"There is a direct correlation with a community's crime rate and its poverty rate," Glover said. "Our Strive to Thrive program is based on a national model designed to help individuals help themselves out of poverty. The crux of the program is working with social capital.

"Businesses that are part of the Chamber access social capital through networking. Individuals living in poverty lack that social capital quality among their peers, so we're using this program to target families in poverty who've shown a penchant to succeed, who are motivated to become self-sufficient. We want to bring them to a level where there is social connectivity."

Despite the efforts of law enforcement and civic groups, there is a contingent of the local population that does not believe enough is being done to combat crime at its chief sources: among the known gangs and drug dealers in the community.

One such representative, a longtime resident who asked that his name not be used for fear of reprisal, said Albany's crime rate is a product of law enforcement and a judicial contingent that do little to combat and deter crime.

"The cops around here know who the criminals are, who the drug dealers and the gang members are," he said. "They're either scared of them or they're in with them, because you never hear of them doing anything to put these criminals away. They talk about Neighborhood Watch programs and things like that, but when people call in crimes the police either come too late to do anything about them or they don't come at all.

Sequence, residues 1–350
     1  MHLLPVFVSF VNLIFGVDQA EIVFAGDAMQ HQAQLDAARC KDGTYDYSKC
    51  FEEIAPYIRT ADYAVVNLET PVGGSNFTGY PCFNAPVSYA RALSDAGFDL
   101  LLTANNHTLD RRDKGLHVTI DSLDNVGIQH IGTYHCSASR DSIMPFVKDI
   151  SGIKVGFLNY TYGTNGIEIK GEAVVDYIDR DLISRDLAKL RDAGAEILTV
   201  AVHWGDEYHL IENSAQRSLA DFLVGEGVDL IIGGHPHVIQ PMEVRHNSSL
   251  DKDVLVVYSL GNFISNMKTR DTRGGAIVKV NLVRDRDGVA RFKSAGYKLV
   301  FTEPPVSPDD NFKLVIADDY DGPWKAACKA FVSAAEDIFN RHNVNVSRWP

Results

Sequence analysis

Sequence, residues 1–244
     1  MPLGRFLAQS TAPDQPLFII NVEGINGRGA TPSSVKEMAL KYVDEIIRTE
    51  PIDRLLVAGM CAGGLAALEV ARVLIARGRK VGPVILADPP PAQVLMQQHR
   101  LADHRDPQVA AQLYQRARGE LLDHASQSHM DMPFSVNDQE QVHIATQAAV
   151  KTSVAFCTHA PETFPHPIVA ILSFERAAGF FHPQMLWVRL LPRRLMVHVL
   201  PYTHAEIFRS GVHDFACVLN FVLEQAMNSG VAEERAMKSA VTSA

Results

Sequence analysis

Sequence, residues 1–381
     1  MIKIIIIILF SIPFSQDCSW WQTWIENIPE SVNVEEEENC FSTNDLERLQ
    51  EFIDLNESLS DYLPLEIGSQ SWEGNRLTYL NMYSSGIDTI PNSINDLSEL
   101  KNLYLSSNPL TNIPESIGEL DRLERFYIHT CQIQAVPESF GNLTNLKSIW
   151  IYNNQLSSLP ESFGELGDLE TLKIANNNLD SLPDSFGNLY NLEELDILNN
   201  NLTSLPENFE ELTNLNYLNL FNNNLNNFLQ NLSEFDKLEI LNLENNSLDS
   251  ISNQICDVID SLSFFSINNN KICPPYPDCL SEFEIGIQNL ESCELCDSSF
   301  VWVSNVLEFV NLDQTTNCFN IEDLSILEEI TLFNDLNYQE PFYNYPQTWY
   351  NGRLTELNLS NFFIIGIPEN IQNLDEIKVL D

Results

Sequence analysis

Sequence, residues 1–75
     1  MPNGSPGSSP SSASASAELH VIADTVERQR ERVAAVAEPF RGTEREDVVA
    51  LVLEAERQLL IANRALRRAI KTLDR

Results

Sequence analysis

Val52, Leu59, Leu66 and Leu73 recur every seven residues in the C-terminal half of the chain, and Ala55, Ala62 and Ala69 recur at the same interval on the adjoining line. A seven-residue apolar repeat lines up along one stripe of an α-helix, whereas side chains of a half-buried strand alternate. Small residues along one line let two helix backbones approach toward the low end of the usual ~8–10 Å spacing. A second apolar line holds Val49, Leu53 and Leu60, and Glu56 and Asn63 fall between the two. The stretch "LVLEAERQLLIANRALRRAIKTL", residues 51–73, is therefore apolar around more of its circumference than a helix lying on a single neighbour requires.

"There used to be a time when law enforcement was an honorable profession done by people who truly wanted to make their community safe. And the judges did everything in their power to put the criminals away. Now, you've got people riding around in their (police) cars making an easy paycheck. They don't care about the decent people in the community."

Lott said he's heard citizen complaints about nonresponsiveness of city police personnel, but he questions the validity of such complaints.

"Quite frankly, I've found very little evidence to support such claims," he said. "Our 9-1-1 system is set up so that calls are handled in order of priority, so there may be a longer time for response to something like a noise complaint.

"I don't buy into that talk about police not showing up for emergency calls."

Businessman Kirk Smith, who has announced plans to run for mayor, is an outspoken critic of local law enforcement policy and procedure. He said a level of corruption has tainted the police department, and he is promoting steps that are, he says, "good for all the citizens of Albany, no matter where they live."

"The first thing we've got to do is get a police chief in that office who does not play politics," Smith said. "We need to get someone in place who's willing to get out there on the streets and fight crime, and who's willing to talk to the people of the community. (APD Assistant Chief) Wilma Griffin is the only top-level official with the police department who has shown any real leadership in the last several years.

"We have to weed out the weaknesses in the department, increase the morale of officers who look at their job like any other 9-to-5 position. I think maybe the first thing that needs to be done is to create an internal affairs division that is willing to investigate charges against anyone, no matter what level they're at. Until we address these leadership issues, crime will continue to run rampant in our city."